The odds of that sort of thing happening would probably be in the range of winning the Lotto--if the universe only contained one family of three people.

    So what I'd recommend is to study ALL pedigrees containing that surname for a clue. Go to Ancestry, Rootsweb, Familysearch, whatever, and look for pedigrees with that surname and any place within 100 miles of here your ancestors lived for the last 400 years. By all means, start by going through the pedigrees of your matches with a fine tooth comb and pusue even the faintest shadow of a clue, but prepared to be disappointed. Be prepared to do more.

    You have to be best judge as to the amount of effort you're willing to put in it, but don't let your initial success delude you into thinking it's going to be easy. Every tiny bit of corroborating/contradictory information available may be necessary.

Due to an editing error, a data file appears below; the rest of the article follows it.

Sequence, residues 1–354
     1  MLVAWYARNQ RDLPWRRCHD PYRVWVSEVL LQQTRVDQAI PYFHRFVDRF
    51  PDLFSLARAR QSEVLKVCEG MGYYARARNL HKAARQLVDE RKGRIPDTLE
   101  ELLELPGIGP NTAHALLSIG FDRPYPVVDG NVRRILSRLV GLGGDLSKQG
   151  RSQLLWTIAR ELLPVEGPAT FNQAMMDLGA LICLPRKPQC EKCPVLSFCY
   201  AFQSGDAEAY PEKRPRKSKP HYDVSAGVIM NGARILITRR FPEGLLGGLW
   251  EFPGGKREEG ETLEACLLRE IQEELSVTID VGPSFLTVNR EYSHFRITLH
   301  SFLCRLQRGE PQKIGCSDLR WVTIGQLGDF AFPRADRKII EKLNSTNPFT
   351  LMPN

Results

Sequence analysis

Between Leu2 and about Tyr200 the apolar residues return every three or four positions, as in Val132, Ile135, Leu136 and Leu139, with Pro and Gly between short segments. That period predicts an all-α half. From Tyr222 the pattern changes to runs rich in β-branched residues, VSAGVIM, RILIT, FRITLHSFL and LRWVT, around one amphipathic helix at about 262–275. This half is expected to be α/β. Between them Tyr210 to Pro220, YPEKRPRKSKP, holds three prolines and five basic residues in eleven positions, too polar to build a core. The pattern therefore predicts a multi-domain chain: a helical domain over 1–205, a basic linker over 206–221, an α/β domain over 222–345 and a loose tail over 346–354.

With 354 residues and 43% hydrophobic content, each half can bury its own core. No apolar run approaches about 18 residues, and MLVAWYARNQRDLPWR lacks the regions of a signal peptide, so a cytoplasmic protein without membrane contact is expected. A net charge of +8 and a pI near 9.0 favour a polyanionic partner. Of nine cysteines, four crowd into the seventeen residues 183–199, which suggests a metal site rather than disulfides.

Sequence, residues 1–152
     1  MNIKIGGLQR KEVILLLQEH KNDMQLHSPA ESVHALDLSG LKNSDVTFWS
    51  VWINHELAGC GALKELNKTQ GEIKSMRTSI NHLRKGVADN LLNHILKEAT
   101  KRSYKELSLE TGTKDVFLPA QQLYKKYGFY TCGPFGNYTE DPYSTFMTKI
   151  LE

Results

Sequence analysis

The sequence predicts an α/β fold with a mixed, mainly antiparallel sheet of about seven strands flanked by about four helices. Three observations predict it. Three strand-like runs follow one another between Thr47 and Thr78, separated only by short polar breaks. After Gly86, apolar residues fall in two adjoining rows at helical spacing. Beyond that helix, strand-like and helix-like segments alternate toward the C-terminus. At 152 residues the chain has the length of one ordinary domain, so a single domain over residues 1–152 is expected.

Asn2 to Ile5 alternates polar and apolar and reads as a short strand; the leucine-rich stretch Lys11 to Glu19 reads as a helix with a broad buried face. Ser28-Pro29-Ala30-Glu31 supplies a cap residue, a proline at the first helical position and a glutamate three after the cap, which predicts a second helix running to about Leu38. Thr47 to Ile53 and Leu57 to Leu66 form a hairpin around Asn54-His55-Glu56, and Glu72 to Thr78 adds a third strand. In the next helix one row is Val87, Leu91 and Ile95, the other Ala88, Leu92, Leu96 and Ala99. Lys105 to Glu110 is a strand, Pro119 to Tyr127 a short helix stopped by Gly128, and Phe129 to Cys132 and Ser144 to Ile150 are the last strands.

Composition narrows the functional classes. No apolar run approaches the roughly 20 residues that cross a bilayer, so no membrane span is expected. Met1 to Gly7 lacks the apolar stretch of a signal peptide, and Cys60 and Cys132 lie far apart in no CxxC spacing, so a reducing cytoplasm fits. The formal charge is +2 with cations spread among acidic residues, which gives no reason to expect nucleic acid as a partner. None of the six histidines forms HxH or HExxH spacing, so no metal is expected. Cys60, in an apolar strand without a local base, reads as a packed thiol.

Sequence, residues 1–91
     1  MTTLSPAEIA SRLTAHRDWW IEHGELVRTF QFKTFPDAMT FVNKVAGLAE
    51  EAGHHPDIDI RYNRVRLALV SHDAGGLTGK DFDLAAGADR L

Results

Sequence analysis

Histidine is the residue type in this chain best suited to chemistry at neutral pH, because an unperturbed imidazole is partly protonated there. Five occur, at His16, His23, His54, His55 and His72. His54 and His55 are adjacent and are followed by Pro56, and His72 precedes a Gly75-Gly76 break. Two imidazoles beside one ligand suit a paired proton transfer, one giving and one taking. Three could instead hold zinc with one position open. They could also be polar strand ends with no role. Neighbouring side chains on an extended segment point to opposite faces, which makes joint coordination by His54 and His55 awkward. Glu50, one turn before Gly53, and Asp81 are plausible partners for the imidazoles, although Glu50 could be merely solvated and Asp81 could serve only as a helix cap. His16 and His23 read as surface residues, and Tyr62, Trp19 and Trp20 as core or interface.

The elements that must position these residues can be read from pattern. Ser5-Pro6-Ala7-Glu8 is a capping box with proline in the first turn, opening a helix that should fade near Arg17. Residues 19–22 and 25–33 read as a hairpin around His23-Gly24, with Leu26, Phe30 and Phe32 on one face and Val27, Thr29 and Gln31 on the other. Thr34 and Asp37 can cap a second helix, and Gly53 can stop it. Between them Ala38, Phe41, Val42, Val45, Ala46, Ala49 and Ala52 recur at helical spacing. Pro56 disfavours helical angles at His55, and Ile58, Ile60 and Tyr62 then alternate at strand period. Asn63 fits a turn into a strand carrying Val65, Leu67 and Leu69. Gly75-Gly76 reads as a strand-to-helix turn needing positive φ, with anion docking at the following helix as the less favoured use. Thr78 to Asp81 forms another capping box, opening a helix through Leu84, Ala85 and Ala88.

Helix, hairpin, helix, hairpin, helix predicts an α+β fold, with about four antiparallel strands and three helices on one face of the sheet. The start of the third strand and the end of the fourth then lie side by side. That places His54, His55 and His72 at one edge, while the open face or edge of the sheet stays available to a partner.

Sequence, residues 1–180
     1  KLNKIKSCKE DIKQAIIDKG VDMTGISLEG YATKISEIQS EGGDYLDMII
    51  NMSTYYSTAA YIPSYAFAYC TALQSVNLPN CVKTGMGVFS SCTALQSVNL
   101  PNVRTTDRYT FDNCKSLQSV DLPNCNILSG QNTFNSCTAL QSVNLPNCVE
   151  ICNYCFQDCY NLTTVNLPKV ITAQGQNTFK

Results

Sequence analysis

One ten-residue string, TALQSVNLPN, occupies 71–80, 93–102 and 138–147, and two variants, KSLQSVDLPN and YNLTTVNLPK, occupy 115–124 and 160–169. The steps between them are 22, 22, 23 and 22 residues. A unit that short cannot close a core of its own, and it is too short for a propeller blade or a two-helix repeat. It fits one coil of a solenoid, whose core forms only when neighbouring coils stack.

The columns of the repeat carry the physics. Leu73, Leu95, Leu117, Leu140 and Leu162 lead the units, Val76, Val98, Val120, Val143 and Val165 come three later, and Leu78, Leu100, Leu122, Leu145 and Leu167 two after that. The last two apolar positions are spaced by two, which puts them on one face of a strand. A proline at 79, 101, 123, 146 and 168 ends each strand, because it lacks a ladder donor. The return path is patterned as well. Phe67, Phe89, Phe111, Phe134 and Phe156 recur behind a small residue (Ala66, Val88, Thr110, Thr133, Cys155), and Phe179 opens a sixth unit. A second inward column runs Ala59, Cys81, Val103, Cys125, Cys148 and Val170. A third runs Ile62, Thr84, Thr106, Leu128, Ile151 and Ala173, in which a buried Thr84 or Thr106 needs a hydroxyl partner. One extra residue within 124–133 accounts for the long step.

In fact, if at all possible, I'd conduct a coordinated campaign of complementary autosomal testing as a contextual supplement. If you can convince any of the likelier Y guys (and this is a judgment call for which you must be responsible), to autosomal test, do so. I wouldn't expect any meaningful result for any Y test predicted to be more than 3 gen back, but you could get extemely lucky, as the Jewett example shows.

    I know this may not provide as clear a path as you'd like, but your instincts seem good. Sounds like you've done an incredible amount of very sensible work already. You've been lucky, but the odds are still against you.

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    • #3
      First id want to make sure the putative half sister really is your fathers bio half sister. If so she and u should overlap about 12.5% of dna.

      Next since only about 50 percent of men have the correct surname not sure youll find an eddy in the census nearby. Perhaps the vicar was very friendly with his parishiners...